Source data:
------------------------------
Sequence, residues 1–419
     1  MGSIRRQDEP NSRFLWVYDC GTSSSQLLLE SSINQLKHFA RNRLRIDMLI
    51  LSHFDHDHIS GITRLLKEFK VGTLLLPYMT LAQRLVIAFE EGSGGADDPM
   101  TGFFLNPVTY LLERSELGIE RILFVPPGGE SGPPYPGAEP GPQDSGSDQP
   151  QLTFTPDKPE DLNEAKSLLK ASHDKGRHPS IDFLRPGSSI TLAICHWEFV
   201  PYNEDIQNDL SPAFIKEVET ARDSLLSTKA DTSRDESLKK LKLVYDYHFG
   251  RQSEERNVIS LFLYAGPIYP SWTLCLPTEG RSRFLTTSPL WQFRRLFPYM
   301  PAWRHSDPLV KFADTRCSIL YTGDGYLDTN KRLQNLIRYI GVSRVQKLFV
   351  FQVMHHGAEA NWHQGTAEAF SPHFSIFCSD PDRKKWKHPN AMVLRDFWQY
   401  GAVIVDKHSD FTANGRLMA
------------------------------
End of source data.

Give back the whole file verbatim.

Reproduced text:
Sequence, residues 1–419
     1  MGSIRRQDEP NSRFLWVYDC GTSSSQLLLE SSINQLKHFA RNRLRIDMLI
    51  LSHFDHDHIS GITRLLKEFK VGTLLLPYMT LAQRLVIAFE EGSGGADDPM
   101  TGFFLNPVTY LLERSELGIE RILFVPPGGE SGPPYPGAEP GPQDSGSDQP
   151  QLTFTPDKPE DLNEAKSLLK ASHDKGRHPS IDFLRPGSSI TLAICHWEFV
   201  PYNEDIQNDL SPAFIKEVET ARDSLLSTKA DTSRDESLKK LKLVYDYHFG
   251  RQSEERNVIS LFLYAGPIYP SWTLCLPTEG RSRFLTTSPL WQFRRLFPYM
   301  PAWRHSDPLV KFADTRCSIL YTGDGYLDTN KRLQNLIRYI GVSRVQKLFV
   351  FQVMHHGAEA NWHQGTAEAF SPHFSIFCSD PDRKKWKHPN AMVLRDFWQY
   401  GAVIVDKHSD FTANGRLMA